Almost every class I and my colleagues support at the GSB involves the process that Garth described of putting people in small groups, giving them some difficult interpersonal work to do (ranging from solving business scenario "cases" to understanding how to communicate with each other more effectively), and letting them figure out how to get it done (with plenty of support, guidance and coaching along the way.)
Much of the work that I and my colleagues do employs what you might call a "train the trainer" model. We Leadership Coaches often work with groups of Second Year students who in turn work with groups of First Year students on a wide range of issues. Not only is this model more scalable and efficient, allowing seven Leadership Coaches to support dozens of Second Years, who in turn support hundreds of First Years, but it also creates very real, hands-on leadership opportunities for those Second Year students, who are then that much more experienced upon graduation.
And despite the semantic difference over whether leadership is "taught" or "learned," I'd say that Garth's comments are very much in line with those expressed by Bill George, former CEO of Medtronic and currently professor of management practice at Harvard Business School:
[Leadership can be] learned. I teach now, and I don't think you can teach leadership, I think you can learn about it. I think you can learn about yourself. It comes from within, from who are you inside and what makes you tick, and what are those tapes playing in your head about what you want to be and what your limitations are.
What we can do [in leadership development classes] is cause people to come together and learn about themselves through dialogue... You learn about who you are, and if you go inside yourself, you find out, "What are my passions?"...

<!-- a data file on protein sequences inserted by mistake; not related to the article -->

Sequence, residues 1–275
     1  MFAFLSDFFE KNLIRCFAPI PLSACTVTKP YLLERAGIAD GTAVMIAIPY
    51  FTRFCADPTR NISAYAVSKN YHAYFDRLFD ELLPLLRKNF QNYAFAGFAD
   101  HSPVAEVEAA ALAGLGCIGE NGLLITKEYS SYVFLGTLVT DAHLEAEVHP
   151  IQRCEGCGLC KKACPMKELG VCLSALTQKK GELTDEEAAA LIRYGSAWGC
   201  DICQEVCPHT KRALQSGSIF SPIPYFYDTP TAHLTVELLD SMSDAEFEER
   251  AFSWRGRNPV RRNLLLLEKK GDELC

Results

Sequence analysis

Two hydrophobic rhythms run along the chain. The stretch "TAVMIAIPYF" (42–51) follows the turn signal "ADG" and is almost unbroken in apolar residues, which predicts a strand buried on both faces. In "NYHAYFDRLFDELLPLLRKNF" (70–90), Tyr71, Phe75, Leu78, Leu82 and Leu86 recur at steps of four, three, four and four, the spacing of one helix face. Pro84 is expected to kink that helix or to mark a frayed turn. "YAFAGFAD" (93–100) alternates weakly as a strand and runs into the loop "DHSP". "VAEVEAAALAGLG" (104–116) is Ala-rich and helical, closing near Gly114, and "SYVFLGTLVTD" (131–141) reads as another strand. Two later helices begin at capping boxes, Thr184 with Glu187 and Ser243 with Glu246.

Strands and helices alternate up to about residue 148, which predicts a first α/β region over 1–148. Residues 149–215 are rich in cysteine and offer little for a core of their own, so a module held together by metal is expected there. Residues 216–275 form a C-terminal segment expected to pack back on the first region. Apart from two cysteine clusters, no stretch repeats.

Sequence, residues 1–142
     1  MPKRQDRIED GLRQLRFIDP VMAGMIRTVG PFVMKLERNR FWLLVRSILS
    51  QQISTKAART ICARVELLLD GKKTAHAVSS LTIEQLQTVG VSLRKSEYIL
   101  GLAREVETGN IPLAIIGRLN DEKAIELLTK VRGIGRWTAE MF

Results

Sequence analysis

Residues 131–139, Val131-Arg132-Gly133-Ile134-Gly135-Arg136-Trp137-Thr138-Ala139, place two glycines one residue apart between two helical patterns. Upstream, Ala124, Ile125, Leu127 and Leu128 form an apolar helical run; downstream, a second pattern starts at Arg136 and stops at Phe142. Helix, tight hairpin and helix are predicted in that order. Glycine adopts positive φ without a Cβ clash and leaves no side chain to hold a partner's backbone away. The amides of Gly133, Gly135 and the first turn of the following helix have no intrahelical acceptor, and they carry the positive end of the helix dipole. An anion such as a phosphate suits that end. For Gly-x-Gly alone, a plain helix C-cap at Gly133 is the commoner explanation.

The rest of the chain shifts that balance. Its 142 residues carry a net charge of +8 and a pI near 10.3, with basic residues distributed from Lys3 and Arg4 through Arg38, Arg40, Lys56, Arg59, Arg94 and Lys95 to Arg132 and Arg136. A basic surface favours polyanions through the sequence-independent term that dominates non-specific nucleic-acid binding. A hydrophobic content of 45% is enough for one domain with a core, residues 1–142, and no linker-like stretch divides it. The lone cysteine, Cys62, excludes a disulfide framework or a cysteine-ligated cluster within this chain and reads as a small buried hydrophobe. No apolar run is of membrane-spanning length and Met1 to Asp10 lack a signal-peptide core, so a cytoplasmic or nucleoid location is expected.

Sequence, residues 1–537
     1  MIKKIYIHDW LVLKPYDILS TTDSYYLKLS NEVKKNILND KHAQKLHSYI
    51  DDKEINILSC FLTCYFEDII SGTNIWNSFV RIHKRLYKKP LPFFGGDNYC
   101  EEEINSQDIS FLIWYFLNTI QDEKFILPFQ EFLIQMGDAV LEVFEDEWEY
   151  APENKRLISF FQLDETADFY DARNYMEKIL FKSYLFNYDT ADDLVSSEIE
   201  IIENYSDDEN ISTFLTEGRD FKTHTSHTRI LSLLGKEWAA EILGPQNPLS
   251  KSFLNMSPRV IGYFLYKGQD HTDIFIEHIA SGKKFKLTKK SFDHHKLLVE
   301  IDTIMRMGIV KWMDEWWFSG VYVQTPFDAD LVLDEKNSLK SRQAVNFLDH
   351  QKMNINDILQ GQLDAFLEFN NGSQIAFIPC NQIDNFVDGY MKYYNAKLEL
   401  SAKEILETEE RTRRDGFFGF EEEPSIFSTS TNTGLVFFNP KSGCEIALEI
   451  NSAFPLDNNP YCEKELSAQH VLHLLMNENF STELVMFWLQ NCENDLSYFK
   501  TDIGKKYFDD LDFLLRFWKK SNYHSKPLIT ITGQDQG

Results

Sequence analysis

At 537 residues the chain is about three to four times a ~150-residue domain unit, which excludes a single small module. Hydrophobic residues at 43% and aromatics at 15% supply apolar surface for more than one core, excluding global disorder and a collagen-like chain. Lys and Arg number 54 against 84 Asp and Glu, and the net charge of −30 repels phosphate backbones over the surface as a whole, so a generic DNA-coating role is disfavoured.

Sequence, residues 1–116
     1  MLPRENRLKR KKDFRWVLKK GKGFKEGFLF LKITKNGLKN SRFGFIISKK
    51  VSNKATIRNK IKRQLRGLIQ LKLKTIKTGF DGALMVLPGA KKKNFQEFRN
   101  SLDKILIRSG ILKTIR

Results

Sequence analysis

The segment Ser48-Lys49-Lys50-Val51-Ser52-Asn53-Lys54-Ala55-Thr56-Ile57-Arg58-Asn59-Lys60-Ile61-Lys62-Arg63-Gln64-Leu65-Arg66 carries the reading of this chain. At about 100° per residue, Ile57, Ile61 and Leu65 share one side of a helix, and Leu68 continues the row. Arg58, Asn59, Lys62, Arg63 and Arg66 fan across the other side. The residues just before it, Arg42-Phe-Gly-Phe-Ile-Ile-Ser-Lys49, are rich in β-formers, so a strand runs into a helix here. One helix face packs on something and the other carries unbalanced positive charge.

I do think the GSB has a competitive advantage in this area over other business schools, due to the high-touch, labor-intensive nature of this work that is hard to replicate in larger programs, but in both Garth's comments and Bill's I hear a shared philosophy and commitment to students' personal development as leaders.
Finally, while I very much appreciate Garth's strong support for this work, I do wish we'd all stop using the word "soft" to describe leadership and interpersonal skills. As Tom Peters has said:
Hard is soft. Soft is hard. The readily-manipulable numbers are the true "soft stuff." The relationships-leadership-"culture"...are the true "hard stuff."
While I'll be the first to admit that working in academia can be uniquely challenging at times, it's also uniquely rewarding to be able to play a meaningful role in the development and growth of our students, who are some of the most talented and conscientious people I've ever met. And I'm hopeful that their experiences at the GSB will allow them to enter the next phase of their careers with a stronger set of leadership and interpersonal skills and a deeper understanding of themselves than I had when I graduated.